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The economic and cultural value of Idaho’s ag industry is undeniable.

Published online: May 21, 2021 Articles, East Idaho Business Tyrell Marchant, Editor of Potato Grower and Sugar Producer Magazines
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A dear friend—someone who has for years lived and raised a family in rural Idaho, though obviously not on an actual farm—once mentioned to me how remarkable it is that my family is so educated, well-read and well-spoken, considering they’re all “just farmers and cowboys.” 

I won’t lie, I had to grit my teeth and force a smile before managing to get out what I hoped was a sincere-sounding “thank you.” My day job may be spent largely at a desk in front of a computer monitor, but I’m a dyed-in-the-wool Idaho farm kid at heart. As such, hearing unfair and uninformed judgment passed on the ag community offends my sensibilities. This friend really was sincere in her praise, but her comment inarguably deserves to be filed under “Backhanded Compliments.” She clearly did not understand or appreciate everything agriculture contributes to Idaho’s economy and culture. She’s certainly not alone.

For the uninitiated among you, allow me to broaden your enlightenment. Most of your “just farmer” neighbors have dollar values that register in the several millions going in and out of their businesses every year. If they’re still on the farm, they likely possess some of the most astute business minds you’re ever likely to come across. They interpret weather and economic forecasts on a daily basis. They intimately understand and are involved in government at the local, state and federal levels. They are on a first-name basis with the most capable lawyers, bankers, politicians, tech nerds and scientists in the region. And, despite the dirt and grease under their fingernails, they would comport themselves just fine in D.C. or Manhattan or Paris, thank you very much.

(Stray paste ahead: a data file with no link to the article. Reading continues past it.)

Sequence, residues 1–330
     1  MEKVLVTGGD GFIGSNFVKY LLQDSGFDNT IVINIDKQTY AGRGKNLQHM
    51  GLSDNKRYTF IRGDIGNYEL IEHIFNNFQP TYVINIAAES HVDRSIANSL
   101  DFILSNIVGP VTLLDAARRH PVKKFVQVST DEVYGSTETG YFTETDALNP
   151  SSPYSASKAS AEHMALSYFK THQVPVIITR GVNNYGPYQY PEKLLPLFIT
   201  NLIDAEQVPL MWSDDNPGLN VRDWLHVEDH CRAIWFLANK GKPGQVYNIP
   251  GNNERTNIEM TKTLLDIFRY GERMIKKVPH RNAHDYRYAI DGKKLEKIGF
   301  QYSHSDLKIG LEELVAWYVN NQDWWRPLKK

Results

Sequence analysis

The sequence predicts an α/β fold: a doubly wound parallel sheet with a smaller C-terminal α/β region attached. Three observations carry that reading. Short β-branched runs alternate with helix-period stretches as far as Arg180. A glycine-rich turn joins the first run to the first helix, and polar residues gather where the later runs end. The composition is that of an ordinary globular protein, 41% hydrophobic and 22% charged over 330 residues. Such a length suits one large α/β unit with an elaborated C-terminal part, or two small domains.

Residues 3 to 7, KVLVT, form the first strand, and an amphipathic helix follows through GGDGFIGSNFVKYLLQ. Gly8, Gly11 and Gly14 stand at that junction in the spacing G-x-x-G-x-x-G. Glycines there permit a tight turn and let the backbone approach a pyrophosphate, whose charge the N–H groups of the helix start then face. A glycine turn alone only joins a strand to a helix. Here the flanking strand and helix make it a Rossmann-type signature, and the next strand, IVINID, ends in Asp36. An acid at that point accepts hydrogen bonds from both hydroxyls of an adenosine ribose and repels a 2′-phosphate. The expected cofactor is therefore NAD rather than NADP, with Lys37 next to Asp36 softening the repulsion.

Cash receipts from Idaho’s livestock and crops total about $7.5 billion annually; food and beverage processing bring in another $8.5 billion. Per the Idaho State Department of Agriculture, agriculture and food processing combine to generate 28 percent of the state’s total economic output in sales and 13 percent of its GDP. We boast the fifth-largest state ag economy as a percent of GDP. A healthy portion of our robust manufacturing sector is focused on agricultural solutions. The University of Idaho’s Idaho Falls Research & Extension Center—in tandem with other research centers across the state—is home to some of the world’s brightest minds in plant pathology, entomology and soil biology, all here to serve the region’s agricultural needs.

Idaho produces some 185 commodities from about 24,000 farms and ranches, the vast majority of which are still family-owned and operated. We rank No. 1 in production of potatoes (big surprise, right?), barley, peppermint, alfalfa and trout; No. 2 in sugarbeets and hops; No. 3 in dairy products; and in the top 10 in more than a dozen other commodities. 

Of course, more value comes from Idaho’s farms than just the inarguably impressive dollar amount they generate annually. That kid who rogues potatoes and pulls rye out of the wheat field all summer may never set foot on a farm again after he turns 18—but he’ll dang sure know how to work hard as an engineer or city planner or football coach. Driving 10-wheelers at harvest is what keeps Hank, the widowed, retired middle school principal down the road, feeling young at 84. And what better way for a kid with a diamond ring burning a hole in his pocket to get to know the family than being subjected to the dust-cloaked, 16-hour workdays of spud harvest in Ririe or Rockford, Hamer or Hibbard?

Take a Sunday drive up I-15 or down some gravel road, and you’ll see pivots delivering precious water to fields of flowering spuds, ripening wheat and sunshine-painted canola. If you’re lucky, you might spot a graybeard rancher and his granddaughters sitting horseback, urging a bunch of mama cows to greener pastures.    

I don’t know where you came from or what brought you to this corner of the world. So long as you’re the good neighbor type, it doesn’t much matter if you can tell a spud digger from calf puller. We’re excited to have you here. 

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